Stories

The IRE Resource Center is a major research library containing more than 27,000 investigative stories.

Most of our stories are not available for download but can be easily ordered by contacting the Resource Center directly at 573-882-3364 or rescntr@ire.org where a researcher can help you pinpoint what you need.

Search results for "Los Angeles" ...

  • 134 Cases, $36 Million: Inside Sexual Misconduct At America's Biggest County Government

    A first-of-its-kind investigation into Los Angeles County revealed more than one hundred sexual misconduct cases that ended with settlements or judgments paid for with public funds.
  • Big Money, Unlikely Donors

    Los Angeles Times journalists combined shoe-leather reporting with sophisticated digital tools to unravel the tangled web of political donors linked to a controversial $72-million apartment project, resulting in enhanced scrutiny.
  • California National Guard Bonus Enlistment Scandal

    Stories by the Los Angeles Times that described how the California National Guard was trying to recover millions of dollars in enlistment bonuses from nearly 10,000 soldiers and veterans – including some who had been wounded in combat – spurred the secretary of Defense to suspend the program, Congress to agree to waive most of the debts and the president to sign the bill into law.
  • Invisible Disaster

    For 16 weeks, the potent climate gas methane poured from a broken natural gas well in Los Angeles County. It would become the largest such accident in U.S. history. It drove thousands of sickened people from their homes, spurred dozen of lawsuits, cost a Fortune 500 company hundreds of millions of dollars and set back California climate efforts.
  • The Wet Prince of Bel Air

    During a time of severe drought, Reveal from The Center for Investigative Reporting wanted to learn more about the users of the most water in California. Reporters found that one homeowner in Los Angeles’ posh Bel Air neighborhood had used 11.8 million gallons of water in a single year during a drought emergency and that 4 of the top 10 known mega water users were also in Bel Air. But city officials wouldn’t reveal who those customers were. So in a follow-up story, Reveal used satellite analysis and public records to identify the seven most likely culprits. https://www.revealnews.org/article/the-wet-prince-of-bel-air-who-is-californias-biggest-water-guzzler/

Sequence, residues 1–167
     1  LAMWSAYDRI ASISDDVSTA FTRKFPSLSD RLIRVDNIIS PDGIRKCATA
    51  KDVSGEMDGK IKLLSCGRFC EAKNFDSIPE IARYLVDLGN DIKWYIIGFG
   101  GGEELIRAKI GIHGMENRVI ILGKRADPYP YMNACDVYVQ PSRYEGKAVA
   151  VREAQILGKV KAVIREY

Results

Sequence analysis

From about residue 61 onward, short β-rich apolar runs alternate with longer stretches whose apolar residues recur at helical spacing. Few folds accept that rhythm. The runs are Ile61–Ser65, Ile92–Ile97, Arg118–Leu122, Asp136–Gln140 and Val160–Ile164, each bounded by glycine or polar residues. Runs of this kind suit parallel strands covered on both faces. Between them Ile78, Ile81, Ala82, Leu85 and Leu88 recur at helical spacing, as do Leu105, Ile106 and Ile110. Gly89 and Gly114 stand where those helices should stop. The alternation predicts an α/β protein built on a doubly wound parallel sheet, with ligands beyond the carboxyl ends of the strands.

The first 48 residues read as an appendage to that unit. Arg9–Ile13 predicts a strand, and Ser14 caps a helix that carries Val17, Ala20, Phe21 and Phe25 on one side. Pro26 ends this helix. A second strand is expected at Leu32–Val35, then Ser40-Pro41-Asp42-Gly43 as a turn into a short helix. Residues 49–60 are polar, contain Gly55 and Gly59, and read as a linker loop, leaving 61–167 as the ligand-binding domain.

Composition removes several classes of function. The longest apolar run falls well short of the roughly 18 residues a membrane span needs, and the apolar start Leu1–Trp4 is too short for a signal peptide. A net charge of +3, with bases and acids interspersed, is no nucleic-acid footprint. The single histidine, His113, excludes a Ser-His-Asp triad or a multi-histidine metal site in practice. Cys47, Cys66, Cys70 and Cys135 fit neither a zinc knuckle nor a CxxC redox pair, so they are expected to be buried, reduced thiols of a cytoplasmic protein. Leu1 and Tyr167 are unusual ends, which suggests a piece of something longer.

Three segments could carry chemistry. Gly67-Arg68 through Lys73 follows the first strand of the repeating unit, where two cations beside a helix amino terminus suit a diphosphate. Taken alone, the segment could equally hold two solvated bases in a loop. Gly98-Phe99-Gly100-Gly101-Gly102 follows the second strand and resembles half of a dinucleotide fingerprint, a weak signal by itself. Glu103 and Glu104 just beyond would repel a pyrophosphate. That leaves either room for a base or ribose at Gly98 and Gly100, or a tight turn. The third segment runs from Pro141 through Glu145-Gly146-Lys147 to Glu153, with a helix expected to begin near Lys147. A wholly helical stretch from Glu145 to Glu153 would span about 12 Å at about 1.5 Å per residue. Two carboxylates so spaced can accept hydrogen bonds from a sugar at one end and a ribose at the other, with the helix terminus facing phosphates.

• LAPD underreported serious assaults, skewing crime stats for 8 years

    A Los Angeles Times machine-learning analysis found that the Los Angeles Police Department misclassified an estimated 14,000 serious assaults as minor offenses in an eight-year period, artificially lowering the city's crime levels. Reporters used an algorithm to learn key words in crime report narratives that identified offenses as serious of minor, and then used it to review nearly eight years of data in search of classification errors.
  • Officer Involved

    Officer Involved is an in-depth multi-platform series about when and how officers in Los Angeles County choose to use deadly force – and whether they’re held accountable. We built a comprehensive database of all shootings involving law enforcement--whether fatal or not--in L.A. County over a five-year period and provide to the public for the first time, insights on who is getting shot and under what circumstances. We found one in four people shot were unarmed and black people are shot at three times their proportion of the population. We also found prosecutors haven't charged an officer for an on-duty shooting in 15 years.
  • Getting Away with Murder

    From 2000 through 2010, nearly half the homicides in Los Angeles County went unsolved. Justice remains elusive for families of the victims. A groundbreaking 18-month investigation puts a face on those killed and highlights the toll exacted on loved ones still grasping for answers.
  • Mexican Mafia Killer and the LAPD

    This series started off with a tip: Los Angeles police were bringing a high-profile criminal to a private business event in downtown L.A. That criminal turned out to be Rene "Boxer" Enriquez, a former shot-caller for the Mexican Mafia sentenced to life in prison for two killings. That the LAPD would use public resources to bring him to a private event was only the first surprise — we soon learned Enriquez had a cozy relationship with law enforcement officials and was set to be paroled. We spent weeks digging into his background, contacting the children of one of his victims, interviewing people who knew him, reading court records and transcripts outlining his crimes. The reporting by The Times ultimately prompted two investigations by the LAPD, including one into a high-profile deputy chief. The governor also decided to deny Enriquez parole and keep him behind bars.
  • Deadly Outbreaks, Dangerous Scopes

    The Los Angeles Times exposed how outbreaks of deadly superbug infections were caused by flaws in a medical device, and revealed that its maker failed to alert doctors about the risks to patients.